Repeat until you realize the following: You still have the best team in the NFC. You still have home-field advantage. How can a team lose an NFC Championship game at home? Come on!

Oh.

Uh, sorry about that.

What you need are two things: 1) Philly stories, and 2) Alcohol.

Terrell Owens
Eagles fans are praying their team will make the Super Bowl -- and that T.O. can play in it.
The latter, apparently, is already covered. Reader Michelle Tacconelli forwarded me an e-mail from her friend, Angela Amento, which read: "The first official meeting of the "T.O. IS INJURED AND I WANT TO CRY CLUB" will be held at a location to be determined in Manayunk. The location will come well-stocked with alcohol and cute boys to drown our sorrows."

Lonely bachelors of Philly, unite: Michelle, Angela and the rest of Philly's finest Italian-American babes are looking for a green-jerseyed shoulder to cry on. Follow your instincts, boys. Two things: Leave your face paint at home. And remember to pick up the tab.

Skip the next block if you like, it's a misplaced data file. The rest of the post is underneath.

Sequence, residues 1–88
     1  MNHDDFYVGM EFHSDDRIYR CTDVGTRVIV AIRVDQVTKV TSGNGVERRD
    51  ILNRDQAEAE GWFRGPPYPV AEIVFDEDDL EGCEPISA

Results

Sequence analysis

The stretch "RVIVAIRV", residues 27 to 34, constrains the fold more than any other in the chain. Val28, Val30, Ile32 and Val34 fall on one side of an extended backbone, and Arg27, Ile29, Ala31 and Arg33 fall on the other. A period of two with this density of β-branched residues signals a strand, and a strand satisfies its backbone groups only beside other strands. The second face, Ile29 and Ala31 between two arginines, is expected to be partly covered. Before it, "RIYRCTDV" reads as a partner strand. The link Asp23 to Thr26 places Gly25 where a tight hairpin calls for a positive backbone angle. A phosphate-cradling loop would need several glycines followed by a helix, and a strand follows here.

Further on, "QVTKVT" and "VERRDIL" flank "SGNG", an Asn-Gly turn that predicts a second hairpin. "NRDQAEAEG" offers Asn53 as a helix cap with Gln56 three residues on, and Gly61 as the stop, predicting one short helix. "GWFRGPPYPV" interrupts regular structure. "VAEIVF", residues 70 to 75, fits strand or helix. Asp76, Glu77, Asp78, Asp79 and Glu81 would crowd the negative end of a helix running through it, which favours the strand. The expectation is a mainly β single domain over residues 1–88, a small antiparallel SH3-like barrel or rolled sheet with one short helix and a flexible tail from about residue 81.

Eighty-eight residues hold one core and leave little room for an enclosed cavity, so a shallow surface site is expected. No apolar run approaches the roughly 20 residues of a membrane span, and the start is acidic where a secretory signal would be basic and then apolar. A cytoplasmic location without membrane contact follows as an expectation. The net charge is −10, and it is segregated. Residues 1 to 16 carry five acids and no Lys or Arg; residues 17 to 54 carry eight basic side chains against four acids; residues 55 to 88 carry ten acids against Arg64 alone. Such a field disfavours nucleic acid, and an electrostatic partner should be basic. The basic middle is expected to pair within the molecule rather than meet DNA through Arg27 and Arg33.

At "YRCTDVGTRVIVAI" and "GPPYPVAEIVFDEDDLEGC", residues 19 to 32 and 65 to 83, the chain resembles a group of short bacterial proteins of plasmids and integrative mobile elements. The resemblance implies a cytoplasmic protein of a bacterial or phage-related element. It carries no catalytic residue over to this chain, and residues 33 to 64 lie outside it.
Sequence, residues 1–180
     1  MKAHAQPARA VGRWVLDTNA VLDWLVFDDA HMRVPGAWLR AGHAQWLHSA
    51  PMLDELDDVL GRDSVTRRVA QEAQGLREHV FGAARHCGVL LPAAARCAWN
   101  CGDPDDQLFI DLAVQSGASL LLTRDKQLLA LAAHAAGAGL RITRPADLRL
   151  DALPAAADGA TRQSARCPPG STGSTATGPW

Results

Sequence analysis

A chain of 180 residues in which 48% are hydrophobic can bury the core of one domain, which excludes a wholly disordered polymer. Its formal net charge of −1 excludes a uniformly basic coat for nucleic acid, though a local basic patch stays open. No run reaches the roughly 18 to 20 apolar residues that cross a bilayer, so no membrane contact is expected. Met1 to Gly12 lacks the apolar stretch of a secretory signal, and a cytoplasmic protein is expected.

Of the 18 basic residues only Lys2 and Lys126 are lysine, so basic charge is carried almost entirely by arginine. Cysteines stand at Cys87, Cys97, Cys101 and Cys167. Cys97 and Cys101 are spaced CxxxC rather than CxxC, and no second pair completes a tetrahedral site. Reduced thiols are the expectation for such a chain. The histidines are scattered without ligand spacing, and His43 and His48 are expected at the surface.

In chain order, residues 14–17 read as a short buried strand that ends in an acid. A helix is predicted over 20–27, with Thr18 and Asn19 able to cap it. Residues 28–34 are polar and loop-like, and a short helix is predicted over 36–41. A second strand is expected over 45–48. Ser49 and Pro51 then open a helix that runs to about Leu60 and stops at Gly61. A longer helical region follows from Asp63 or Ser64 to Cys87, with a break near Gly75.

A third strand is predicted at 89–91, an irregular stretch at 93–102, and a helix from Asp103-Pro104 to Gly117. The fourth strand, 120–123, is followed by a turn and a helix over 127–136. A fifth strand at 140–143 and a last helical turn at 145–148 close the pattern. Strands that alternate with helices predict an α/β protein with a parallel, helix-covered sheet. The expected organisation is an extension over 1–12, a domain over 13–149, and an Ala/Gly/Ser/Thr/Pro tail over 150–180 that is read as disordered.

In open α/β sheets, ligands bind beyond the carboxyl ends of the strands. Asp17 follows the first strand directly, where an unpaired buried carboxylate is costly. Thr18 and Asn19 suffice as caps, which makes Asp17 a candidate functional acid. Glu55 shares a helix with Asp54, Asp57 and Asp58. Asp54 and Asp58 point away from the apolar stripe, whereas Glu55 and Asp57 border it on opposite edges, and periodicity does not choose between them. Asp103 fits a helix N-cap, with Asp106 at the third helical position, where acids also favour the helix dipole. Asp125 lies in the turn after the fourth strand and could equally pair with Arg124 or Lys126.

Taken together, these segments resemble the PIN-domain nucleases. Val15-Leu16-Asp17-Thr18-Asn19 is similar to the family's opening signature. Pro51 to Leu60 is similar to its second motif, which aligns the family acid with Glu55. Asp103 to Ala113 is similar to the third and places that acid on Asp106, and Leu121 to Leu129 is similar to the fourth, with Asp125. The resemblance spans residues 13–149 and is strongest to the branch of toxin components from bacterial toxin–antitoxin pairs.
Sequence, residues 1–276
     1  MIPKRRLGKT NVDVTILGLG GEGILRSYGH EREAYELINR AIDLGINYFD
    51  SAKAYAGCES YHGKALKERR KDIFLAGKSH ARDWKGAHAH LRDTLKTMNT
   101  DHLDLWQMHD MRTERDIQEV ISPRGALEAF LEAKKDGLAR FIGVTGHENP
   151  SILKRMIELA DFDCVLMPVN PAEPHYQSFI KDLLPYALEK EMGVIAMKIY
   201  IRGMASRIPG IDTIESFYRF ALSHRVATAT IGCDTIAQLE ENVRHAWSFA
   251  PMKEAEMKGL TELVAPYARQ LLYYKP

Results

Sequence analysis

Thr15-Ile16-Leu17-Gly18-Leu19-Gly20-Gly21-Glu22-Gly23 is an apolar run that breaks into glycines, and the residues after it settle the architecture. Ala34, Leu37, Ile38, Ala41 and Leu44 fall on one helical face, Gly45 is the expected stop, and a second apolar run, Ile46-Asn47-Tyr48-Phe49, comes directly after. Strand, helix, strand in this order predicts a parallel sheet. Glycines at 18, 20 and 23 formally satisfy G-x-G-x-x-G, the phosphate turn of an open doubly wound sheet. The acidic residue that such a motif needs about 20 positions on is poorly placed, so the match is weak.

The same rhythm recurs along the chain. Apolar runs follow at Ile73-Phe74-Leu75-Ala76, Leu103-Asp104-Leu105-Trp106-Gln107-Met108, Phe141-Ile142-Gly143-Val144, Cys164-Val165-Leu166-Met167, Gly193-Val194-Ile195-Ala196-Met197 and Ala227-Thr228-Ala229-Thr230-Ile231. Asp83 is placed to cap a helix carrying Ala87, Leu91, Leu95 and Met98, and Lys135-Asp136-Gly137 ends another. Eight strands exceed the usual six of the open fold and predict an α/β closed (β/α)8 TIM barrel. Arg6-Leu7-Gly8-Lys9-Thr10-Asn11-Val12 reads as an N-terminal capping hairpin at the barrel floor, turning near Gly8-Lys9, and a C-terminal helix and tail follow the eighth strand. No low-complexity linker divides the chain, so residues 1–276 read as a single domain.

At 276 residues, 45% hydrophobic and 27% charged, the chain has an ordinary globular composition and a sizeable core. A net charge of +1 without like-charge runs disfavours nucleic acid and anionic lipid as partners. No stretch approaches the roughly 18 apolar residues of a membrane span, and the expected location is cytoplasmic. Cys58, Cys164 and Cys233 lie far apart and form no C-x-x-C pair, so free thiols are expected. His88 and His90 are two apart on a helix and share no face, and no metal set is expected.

As for the Philly stories? We've got 'em -- the perfect antidote to post-Christmas blues, post-T.O. angst and illustrative of your town's general depravity.

Faithful reader Gabe from Philly e-mailed to note that safety remains a concern during the holidays -- before the Eagles-Packers game, firemen roamed the lot handing out papers on grilling safety, reminding all of the one-year anniversary of the grill that got loose and started a fire that consumed several vehicles and was "visible from inside the Linc." Only in Philly can the acronym "G.G.W." stand for "Grills Gone Wild."